Behind Germany’s rapid rise as a study destination of choice is a benevolent post-study
work offer and a tuition-free environment. As Viggo Stacey discovers, combine this with
quality and practical education, and you have a winning proposition.
ISSUE #24 | THE PIE REVIEW | 11
GERMANY IS VERY much a country of
thinkers – Schiller, Goethe, Guttenberg, Gottlieb
Daimler – and its universities are making waves
in research output. And this point is not overlooked by the
German Academic Exchange Service (DAAD), which is
tasked with promoting the country as a study destination.
‘Study in Germany – Land of Ideas’ is the name of its glo-bal
campaign. DAAD’s pro-active promotion is one reason
for Germany’s exponential growth of international student
numbers over the past decade. The country is forecast to hit
393,579 international students in 2019’s intake – almost a 60
per cent increase over the previous decade.
Beyond effective branding and marketing, Germany’s
quality of research and education, its lack of tuition fees,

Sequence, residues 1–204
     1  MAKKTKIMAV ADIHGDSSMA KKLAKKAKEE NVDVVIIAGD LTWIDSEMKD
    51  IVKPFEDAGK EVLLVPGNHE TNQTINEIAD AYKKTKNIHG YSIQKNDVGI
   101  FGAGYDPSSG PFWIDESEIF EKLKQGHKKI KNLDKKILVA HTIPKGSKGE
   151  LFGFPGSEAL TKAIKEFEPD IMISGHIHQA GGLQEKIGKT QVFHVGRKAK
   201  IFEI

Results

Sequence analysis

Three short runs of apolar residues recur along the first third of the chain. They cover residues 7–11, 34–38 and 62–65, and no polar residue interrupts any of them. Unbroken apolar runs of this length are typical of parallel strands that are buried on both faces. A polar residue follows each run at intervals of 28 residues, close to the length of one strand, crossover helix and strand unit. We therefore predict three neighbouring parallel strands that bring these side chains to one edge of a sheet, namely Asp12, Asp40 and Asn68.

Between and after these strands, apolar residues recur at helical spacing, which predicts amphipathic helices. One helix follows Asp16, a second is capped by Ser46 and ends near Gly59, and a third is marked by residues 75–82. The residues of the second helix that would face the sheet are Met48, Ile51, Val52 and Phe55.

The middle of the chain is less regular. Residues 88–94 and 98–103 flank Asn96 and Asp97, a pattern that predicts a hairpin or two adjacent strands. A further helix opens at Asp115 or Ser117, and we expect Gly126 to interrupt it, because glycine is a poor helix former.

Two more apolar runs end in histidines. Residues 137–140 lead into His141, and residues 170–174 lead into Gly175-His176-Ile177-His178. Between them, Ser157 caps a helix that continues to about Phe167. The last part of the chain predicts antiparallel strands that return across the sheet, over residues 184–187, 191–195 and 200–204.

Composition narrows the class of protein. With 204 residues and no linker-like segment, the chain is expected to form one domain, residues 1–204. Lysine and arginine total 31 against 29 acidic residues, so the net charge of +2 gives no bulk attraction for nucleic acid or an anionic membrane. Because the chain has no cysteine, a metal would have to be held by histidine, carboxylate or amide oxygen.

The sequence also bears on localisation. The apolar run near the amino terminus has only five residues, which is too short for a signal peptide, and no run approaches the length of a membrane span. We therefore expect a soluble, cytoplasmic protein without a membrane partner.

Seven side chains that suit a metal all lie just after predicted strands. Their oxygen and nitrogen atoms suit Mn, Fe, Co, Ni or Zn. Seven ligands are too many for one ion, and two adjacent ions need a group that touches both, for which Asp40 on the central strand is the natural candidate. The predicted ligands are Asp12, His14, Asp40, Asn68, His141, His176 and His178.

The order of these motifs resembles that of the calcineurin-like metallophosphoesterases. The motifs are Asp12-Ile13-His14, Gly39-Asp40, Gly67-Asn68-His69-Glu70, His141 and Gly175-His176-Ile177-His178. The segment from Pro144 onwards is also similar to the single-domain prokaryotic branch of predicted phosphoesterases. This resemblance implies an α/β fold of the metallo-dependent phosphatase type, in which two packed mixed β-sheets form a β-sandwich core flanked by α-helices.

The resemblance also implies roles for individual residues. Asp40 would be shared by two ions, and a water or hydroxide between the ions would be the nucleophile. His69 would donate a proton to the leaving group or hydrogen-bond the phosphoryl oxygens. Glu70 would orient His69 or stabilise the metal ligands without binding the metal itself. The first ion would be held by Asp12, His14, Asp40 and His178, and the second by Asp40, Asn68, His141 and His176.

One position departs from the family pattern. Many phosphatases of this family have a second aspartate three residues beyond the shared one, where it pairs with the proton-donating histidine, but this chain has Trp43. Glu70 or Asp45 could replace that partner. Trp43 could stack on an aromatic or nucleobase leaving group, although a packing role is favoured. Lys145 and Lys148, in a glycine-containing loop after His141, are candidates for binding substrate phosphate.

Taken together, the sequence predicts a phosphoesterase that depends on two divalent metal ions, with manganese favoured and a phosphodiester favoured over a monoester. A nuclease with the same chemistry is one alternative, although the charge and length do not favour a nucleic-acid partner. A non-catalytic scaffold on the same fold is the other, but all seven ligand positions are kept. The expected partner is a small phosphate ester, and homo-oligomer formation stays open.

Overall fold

relatively low living costs, and safe, politically stable position
in the heart of Europe – and in the centre of the Schengen
area – are other reasons for its successful status, combined
with access to post-study work opportunities.
Access to work
The option of staying on after studies is a major draw for
many students. “It’s finding a promising future in Germany
and, in that respect, Germany is very attractive because the
economy is doing really well,” says Martin Bickl, chair of the
German Association for International Education (DAIA).
The country offers a post-study work program, where
an 18-month residence permit gives non-EU students
time after graduation to find work. DAAD recognises the
importance of working opportunities in Germany: “Recent
legal changes for non-EU students have eased searching for
a job in Germany during or after graduation,” Anja Schnabel,
responsible for DAAD’s ‘Study in Germany – Land of Ideas’
campaign, tells The PIE Review. “One-quarter of internatio-nal
students would like to find a job in Germany, and one-fifth
wants to continue academic studies here,” she adds.
In addition, non-EU students can work for 120 full, or
240 half days, per year while studying. EU students have
no limits but pay health insurance and other fees if working
for more than 20 hours per week. Dual study programs also
provide extra opportunities for practically-minded students.
Dual study programs give students time to work at the
same time as studying, and are a complementary model to
traditional universities, explains a spokesperson from the
Baden-Württemberg Cooperative State University, Dual
Higher Education’s largest provider and the only university
entirely focused on Dual Education.
PHOTO: FREIBURG UNIVERSITY